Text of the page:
Saturday, June 11, 2011

Ritze Questions City Restrictions on Allergy Medicines

State Rep. Mike Ritze plans to request the Office of the Attorney General to determine the legality of new restrictions on the sale of allergy medicines imposed by city governments.

Recently, the cities of Wagner and Holdenville have passed ordinances that prevent citizens from purchasing over-the-counter allergy medicines containing pseudoephedrine without a prescription.

Similar legislation failed to become law this year at the Legislature.

Supporters allege the regulations will interfere with the manufacture of methamphetamine.

Ritze, a physician and surgeon with a Master's Degree in Forensic Science, questions that assumption.

“Like all Oklahomans, I recognize the problem created by meth production in our state,” said Ritze, a Broken Arrow Republican who is vice-chairman of the House Appropriations and Budget Subcommittee on Public Safety. “However laws to require a prescription of Sudafed-type products would not only create a potential huge cost to patients, but may also add to the already overburdened healthcare system. These restrictions will force the thousands of allergy sufferers in Oklahoma to clog doctors’ offices or, even worse, drive them to the emergency room for basic care.”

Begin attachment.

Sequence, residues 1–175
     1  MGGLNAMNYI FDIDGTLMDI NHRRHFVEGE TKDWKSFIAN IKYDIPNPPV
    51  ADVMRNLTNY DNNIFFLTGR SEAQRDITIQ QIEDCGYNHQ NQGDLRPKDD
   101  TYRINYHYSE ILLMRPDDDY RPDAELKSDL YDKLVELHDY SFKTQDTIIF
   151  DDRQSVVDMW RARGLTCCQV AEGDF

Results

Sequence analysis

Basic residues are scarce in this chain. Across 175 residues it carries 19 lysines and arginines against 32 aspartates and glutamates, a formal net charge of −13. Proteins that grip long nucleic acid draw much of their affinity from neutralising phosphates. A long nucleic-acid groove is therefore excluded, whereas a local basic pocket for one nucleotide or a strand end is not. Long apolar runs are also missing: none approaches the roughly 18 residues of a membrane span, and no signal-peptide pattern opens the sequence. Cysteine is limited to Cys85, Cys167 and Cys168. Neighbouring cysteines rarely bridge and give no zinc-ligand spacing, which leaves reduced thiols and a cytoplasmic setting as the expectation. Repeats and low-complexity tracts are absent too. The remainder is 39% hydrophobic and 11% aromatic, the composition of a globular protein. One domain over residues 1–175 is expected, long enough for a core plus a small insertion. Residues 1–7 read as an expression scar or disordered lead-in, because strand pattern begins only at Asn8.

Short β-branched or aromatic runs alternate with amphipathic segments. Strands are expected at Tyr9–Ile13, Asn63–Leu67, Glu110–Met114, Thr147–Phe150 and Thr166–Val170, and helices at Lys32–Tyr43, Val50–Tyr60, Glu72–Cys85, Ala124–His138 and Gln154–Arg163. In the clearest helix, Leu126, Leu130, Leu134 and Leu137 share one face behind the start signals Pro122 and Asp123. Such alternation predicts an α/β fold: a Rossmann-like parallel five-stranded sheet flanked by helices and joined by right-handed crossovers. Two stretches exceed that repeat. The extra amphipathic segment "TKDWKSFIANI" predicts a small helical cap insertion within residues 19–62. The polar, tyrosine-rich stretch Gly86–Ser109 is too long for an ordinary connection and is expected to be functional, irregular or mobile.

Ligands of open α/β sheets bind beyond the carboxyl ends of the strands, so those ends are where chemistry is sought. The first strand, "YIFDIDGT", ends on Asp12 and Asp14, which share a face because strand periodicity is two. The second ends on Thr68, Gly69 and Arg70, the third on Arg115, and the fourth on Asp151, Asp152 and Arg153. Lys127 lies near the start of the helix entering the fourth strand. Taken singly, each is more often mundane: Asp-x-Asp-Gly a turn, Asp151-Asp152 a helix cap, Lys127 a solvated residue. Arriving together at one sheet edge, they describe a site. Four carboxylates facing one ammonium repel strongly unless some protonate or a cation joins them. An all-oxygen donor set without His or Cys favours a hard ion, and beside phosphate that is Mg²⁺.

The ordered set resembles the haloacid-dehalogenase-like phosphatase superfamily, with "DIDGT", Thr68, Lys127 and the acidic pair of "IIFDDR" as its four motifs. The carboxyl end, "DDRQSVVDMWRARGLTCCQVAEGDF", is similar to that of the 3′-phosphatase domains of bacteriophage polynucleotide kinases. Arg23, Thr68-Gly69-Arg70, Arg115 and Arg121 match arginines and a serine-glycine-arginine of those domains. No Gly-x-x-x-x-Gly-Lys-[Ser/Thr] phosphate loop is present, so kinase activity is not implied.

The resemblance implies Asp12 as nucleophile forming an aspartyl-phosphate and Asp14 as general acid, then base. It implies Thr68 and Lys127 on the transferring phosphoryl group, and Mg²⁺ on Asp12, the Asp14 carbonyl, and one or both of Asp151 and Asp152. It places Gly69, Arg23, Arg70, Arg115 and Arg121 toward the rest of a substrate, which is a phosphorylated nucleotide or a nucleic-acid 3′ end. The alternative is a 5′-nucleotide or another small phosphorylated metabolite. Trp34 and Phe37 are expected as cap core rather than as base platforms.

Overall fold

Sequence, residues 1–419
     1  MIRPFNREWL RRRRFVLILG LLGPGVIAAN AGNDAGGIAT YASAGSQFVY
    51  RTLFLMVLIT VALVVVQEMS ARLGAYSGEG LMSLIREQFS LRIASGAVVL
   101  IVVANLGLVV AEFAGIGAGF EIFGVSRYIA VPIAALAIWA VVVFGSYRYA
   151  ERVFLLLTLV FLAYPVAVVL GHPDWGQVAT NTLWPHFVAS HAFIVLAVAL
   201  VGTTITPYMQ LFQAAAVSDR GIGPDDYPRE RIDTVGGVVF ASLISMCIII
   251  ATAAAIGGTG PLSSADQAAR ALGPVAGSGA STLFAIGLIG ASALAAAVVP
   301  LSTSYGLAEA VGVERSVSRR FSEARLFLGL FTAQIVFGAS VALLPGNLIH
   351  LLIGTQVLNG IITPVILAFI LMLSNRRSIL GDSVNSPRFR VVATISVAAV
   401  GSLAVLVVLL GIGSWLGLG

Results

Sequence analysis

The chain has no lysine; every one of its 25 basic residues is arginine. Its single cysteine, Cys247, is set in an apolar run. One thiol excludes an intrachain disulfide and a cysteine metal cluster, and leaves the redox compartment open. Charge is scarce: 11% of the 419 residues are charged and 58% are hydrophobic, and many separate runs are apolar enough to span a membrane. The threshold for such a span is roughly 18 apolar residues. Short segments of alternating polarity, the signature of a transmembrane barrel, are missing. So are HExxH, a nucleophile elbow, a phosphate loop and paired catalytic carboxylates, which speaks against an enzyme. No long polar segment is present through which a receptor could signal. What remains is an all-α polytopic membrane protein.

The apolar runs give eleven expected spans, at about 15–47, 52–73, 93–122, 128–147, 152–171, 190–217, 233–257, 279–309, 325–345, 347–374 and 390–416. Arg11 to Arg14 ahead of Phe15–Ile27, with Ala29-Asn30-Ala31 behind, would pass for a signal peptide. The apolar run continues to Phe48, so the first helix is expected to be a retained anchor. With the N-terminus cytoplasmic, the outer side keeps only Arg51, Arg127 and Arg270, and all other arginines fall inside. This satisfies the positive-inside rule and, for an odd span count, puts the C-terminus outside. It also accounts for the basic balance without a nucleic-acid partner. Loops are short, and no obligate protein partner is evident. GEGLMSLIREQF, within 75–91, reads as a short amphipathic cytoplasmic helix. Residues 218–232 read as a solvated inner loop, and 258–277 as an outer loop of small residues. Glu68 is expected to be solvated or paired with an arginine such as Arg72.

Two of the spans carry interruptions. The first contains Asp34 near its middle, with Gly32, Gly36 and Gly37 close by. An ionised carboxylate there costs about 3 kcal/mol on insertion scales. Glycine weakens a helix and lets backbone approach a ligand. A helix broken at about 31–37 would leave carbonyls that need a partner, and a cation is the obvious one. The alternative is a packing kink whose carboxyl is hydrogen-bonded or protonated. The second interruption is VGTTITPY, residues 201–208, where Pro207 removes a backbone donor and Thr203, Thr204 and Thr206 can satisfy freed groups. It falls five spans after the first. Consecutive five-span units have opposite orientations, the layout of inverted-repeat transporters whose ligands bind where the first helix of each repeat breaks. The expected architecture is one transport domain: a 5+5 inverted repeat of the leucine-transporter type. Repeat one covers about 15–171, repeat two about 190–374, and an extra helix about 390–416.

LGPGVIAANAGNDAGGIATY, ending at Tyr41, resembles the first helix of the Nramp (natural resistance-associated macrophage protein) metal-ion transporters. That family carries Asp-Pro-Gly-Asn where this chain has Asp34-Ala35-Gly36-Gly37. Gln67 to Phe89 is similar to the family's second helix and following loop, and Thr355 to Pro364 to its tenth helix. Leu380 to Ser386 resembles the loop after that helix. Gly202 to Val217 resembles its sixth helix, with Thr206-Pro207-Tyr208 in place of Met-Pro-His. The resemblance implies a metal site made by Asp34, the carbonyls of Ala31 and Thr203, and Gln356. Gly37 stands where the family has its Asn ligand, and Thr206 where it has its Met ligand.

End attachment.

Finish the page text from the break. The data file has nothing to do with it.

Ritze noted the state already tracks pseudoephedrine sales in real time and that the Oklahoma Bureau of Narcotics (OBN) has a computer system that keeps a record of every sale. That system is used to prosecute criminals who buy and re-sell pseudoephedrine to make meth.

Ritze said one possible solution is to restrict the production of pseudoephedrine in a format that reduces it to an inert compound that can be crushed and used for meth production, or lawmakers could disallow the sale of tablet forms of the drugs and only allow the sale of liquid forms.

“Requiring prescriptions for pseudoephedrine will not solve our meth problems,” Ritze continued. “Rather, we need to use the available tracking information to identify and find those who are consistently buying the limit to stop meth production.”

In his request to the Office of the Attorney General, Ritze will ask the following three questions:

Do municipalities, towns or cities have the authority under state law to adopt such an ordinance?
Do municipalities, towns or cities have the authority to enforce such ordinance?
Do municipalities, towns or cities have the authority to pass an ordinance to allow a particular drug that is presently prescription only no longer require a prescription?
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